Barking mad? Proposals to carry out DNA tests on dog poo to catch owners who don't scoop
Proposals to carry out DNA tests on dog poo to catch owners who don’t scoop up are barking mad, according to Dubliners.
Councillors in Taoiseach Enda Kenny’s home town of Castlebar, Co Mayo, suggested testing dog waste left in public spaces to identify dogs and their owners who fail to clean up.
The measure would involve collecting DNA from all dogs in one area to compile a database. DNA from pavement poo would then be compared to the database to find a match.
Experts say DNA profiling of individual dogs and subsequent testing could prove expensive to local authorities and owners.
Vet Pete Wedderburn said the idea works in theory but there would be a significant cost to either local authorities or owners.
“You have to collect the DNA from every dog in the area, and it costs €30 or €40 to get a DNA profile done for a dog. If you have 200 dogs in the area, that’s a huge cost,” he said.
Mr Wedderburn also pointed to problems of enforcing DNA testing, saying there would be difficulties in encouraging people to pay for their dog to be tested. The idea also doesn’t seem to wash with city dwellers, who feel the measure could prove costly for canine owners.
Lauren Dunne (19), from Clarehall, said she couldn’t understand how local authorities would convince owners to hand over DNA samples of their dogs.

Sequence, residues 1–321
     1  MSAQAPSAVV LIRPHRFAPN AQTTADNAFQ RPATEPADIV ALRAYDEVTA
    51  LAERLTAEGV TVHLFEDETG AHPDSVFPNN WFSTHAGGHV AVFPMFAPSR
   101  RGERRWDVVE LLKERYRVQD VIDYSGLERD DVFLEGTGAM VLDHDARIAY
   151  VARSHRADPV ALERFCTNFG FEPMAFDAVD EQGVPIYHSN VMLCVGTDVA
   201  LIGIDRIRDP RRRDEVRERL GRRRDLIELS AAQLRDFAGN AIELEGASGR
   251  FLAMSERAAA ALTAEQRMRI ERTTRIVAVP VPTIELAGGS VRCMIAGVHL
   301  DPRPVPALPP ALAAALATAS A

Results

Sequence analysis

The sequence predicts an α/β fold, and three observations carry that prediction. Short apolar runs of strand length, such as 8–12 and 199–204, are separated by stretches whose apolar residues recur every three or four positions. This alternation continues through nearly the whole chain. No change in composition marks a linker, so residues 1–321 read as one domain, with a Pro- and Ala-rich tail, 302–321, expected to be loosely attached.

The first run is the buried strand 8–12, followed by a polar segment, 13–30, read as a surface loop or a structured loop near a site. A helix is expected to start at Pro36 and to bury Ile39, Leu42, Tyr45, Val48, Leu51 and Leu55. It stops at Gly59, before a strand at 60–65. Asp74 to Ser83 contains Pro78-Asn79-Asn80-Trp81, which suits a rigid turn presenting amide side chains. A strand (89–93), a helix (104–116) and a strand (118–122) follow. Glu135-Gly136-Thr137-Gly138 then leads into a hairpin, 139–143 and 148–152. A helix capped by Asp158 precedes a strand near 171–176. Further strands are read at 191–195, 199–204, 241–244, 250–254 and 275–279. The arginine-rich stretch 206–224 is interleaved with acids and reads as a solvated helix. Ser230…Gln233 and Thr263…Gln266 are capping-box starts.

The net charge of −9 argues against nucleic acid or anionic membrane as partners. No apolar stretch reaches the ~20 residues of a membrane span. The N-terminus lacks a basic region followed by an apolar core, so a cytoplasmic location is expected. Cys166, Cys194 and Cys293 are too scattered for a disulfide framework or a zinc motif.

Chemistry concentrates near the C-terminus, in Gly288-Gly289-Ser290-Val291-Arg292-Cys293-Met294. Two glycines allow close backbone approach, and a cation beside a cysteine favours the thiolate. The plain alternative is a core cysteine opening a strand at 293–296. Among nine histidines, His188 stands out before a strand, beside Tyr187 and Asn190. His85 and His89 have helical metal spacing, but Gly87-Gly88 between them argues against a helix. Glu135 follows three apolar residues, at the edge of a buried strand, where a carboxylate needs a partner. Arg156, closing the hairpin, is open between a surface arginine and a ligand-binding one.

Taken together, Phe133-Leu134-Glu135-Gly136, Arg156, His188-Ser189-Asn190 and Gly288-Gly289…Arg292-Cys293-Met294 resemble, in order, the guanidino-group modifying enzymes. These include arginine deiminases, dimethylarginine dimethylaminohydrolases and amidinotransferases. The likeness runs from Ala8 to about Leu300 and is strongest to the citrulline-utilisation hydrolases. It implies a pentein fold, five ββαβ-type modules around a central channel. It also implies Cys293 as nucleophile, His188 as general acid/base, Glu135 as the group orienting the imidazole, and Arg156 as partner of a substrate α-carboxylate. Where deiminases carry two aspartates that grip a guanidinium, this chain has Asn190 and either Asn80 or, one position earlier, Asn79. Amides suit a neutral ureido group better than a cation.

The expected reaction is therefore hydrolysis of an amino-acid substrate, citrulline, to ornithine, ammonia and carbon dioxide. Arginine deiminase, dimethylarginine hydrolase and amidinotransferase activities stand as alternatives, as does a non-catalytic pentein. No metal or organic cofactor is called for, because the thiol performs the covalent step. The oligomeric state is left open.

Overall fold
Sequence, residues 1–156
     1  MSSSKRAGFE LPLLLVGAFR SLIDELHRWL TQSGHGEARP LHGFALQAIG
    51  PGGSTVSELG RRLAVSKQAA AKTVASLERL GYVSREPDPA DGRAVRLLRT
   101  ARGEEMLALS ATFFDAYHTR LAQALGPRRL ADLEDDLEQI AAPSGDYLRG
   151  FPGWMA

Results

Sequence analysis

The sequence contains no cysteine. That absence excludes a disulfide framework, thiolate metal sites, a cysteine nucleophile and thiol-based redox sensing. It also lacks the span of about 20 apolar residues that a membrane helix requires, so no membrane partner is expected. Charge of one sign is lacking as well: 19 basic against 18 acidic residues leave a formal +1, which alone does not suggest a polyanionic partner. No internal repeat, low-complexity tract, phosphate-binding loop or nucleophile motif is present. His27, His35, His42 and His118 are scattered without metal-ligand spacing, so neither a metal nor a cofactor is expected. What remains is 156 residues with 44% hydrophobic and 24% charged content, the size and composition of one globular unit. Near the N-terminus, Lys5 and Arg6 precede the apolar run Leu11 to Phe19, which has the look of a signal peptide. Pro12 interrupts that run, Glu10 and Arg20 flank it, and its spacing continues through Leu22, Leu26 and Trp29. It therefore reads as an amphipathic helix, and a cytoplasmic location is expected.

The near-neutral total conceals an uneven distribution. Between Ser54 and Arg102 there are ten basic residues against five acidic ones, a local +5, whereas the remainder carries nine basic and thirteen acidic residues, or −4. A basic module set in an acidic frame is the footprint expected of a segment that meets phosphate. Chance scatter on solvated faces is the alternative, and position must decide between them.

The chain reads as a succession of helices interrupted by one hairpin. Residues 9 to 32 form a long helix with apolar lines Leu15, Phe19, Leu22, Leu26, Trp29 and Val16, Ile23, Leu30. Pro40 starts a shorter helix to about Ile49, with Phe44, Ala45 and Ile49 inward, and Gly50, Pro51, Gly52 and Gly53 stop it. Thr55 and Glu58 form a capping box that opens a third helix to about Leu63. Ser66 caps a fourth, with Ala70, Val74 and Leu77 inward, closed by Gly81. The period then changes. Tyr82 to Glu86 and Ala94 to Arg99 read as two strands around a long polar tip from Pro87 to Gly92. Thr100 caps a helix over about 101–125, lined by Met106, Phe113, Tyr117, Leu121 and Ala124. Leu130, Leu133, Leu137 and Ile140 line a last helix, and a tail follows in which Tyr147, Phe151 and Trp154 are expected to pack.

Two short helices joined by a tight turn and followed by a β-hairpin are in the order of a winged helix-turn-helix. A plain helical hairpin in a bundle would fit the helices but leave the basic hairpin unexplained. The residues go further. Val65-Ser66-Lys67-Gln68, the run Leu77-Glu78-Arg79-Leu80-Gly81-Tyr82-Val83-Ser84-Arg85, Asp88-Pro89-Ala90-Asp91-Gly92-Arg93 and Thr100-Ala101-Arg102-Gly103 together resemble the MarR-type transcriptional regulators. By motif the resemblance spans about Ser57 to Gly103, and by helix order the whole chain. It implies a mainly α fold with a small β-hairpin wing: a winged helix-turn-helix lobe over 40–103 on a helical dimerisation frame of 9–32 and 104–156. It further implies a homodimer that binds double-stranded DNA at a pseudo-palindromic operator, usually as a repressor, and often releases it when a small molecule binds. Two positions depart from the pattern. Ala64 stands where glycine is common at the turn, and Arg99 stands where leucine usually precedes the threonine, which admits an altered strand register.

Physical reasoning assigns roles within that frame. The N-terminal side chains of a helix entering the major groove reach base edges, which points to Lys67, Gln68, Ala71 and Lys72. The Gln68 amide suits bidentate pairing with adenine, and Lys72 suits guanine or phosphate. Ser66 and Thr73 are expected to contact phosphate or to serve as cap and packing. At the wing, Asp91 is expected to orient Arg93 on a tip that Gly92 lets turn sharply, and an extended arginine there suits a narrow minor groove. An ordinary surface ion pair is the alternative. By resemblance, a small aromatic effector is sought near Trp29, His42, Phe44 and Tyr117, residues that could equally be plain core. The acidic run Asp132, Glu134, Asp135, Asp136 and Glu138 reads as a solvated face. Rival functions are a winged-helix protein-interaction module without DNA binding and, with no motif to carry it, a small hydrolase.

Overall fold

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“I can’t see how people are going to let you stick needles into their dog or something,” she told the Herald.
“Would they not just give funds to the homeless?”
Kim Larkin (49), from Swords, says she “can’t imagine that happening”.
“Who’s going to fund it? Who’s going to pay?” she asked.
Kim believes that local authorities should put extra resources into providing more bins and bags for owners.
“I live in Swords and I bring my dog to Howth a lot,” she said.
“There aren’t enough bins in those areas. People do not want to be walking around with bags of poo,” she added.
Michael Spain (21), from the Sherriff Street area, said the idea was “just madness”.
“Why would you want to do DNA tests on dogs? There’s other things to worry about,” he said.